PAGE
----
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Old Sep 16, 2008, 10:39 PM   #1
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I've got a D40 and I'm looking around at different lenses, just basically trying to learn.

I see lenses labeled as "macro" lenses. Typically 50 or 60mm F2.8.

Why are these labeled as macro?

My 18-55 kit lens can be set near the same focal length but obviously not that large of an aperture. What is the comparison?

Some lenses labeled as "standard" are 50mm F1.4.

I'm confused.
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Old Sep 16, 2008, 10:56 PM   #2
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A macro lens is able to obtain a closer focus. The reproduction may be 1:1.The focal length of a macro lens will usually range from 50mm to 200mm. It is more complex than a regular lens and is a fixed focal length. Some zooms may advertise themselves as macro when they can get to a 3:1 or higher ratio; however, they are not real macros.
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Old Sep 16, 2008, 11:07 PM   #3
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I'd like to get closer to subjects than I currently can. When I'm using my 18-55 kit lens @ 55mm as soon as I get closer than about 10" (which is the min distance) the camera won't focus and won't take a shot (in Auto mode and Auto focus).

The macro lenses I looked at from Nikon seem to have a shorter min. distance. 60mm F2.8 AFS lens is 7.2". The 105mm F2.8 is 12".

What would allow me to get closer (either via zoom or distance) to get finer detail?
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Old Sep 17, 2008, 10:28 AM   #4
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The Nikon 60mm and 105 macro lenses allow for 1:1 reproduction. This means that at the closest foucusing distance the subject is the same size as the sensor. On the D40 that's 23.7mm by 15.5mm. So macro lenses will allow you to focus much closer and get more detail on smaller subjects.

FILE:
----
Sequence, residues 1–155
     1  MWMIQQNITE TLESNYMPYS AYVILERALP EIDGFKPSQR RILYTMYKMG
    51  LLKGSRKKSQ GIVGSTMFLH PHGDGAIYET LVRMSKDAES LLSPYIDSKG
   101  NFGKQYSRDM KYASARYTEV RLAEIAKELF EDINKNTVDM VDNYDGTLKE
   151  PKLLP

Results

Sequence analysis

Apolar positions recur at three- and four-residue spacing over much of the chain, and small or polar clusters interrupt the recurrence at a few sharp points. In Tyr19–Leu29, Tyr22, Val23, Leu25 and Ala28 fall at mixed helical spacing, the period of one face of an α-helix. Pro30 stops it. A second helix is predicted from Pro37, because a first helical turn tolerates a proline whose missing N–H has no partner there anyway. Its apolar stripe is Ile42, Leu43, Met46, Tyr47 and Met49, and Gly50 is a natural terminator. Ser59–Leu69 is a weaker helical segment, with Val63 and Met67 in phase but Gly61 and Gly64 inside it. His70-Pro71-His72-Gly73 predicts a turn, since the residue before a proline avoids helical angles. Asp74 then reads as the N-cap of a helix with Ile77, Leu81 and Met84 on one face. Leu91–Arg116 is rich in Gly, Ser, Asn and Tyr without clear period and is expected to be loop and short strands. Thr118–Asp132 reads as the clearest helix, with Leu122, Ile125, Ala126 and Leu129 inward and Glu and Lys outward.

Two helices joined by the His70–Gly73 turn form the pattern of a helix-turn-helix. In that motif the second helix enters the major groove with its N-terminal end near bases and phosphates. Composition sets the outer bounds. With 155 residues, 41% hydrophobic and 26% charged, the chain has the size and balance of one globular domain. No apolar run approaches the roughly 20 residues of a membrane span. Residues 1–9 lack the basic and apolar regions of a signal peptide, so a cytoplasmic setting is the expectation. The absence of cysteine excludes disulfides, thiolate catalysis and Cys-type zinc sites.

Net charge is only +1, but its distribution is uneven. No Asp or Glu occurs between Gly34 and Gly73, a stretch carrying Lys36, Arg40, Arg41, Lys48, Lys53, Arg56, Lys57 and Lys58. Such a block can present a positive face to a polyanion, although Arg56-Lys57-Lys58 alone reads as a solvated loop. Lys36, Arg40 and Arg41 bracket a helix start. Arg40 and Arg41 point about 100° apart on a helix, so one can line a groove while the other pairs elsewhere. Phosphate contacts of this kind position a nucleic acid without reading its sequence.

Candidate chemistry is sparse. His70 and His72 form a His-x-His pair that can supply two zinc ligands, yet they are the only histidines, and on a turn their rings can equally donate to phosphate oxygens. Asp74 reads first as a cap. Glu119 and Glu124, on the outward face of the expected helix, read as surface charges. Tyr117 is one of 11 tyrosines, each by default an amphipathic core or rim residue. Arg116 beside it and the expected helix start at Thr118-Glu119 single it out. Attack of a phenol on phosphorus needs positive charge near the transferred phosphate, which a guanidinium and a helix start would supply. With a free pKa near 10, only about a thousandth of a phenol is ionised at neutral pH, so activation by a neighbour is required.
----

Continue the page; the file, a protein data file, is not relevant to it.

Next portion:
There are other macro lenses available for Nikon cameras from Sigma, Tokina and Tamron. Just make sure they support autofocus on the D40 and have the 1:1 reproduction, or if you can find it 1:2 which means that the subject is even smaller at 1/2 the size of the sensor.

As Spokane says don't be fooled by the zoom lenses that claim to be macro but give a reproduction ratio of something like 3:1 this means that your smallest subject will be 3 times the size of the sensor.


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Old Oct 5, 2008, 7:01 AM   #5
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Macro lenses (called Micro lenses by Nikon :?) also are designed to have optimal sharpness and performance at close focus distances.

Most of the time, for macro work. you will be using manual focus. Hence, the lack of AF ability on a D40/D60 will be less of an issue than for general photography. The depth of fieid for macro photos is usually very small (1-2" is common). AF can't decide which specific part of your subject is most important to be in focus.

The focal length you need for macro work depends partly on the type of subjects you want to photograph. If your interest is stinging insects or animals which might attack you, then you can't get too close. A telephoto zoom (150-200mm) would make more sense than a 60mm lens. There are several excellent macro lenses in the 85-200mm range, from Nikon, Tokina, SIgma and Tamron (and perhaps others too).
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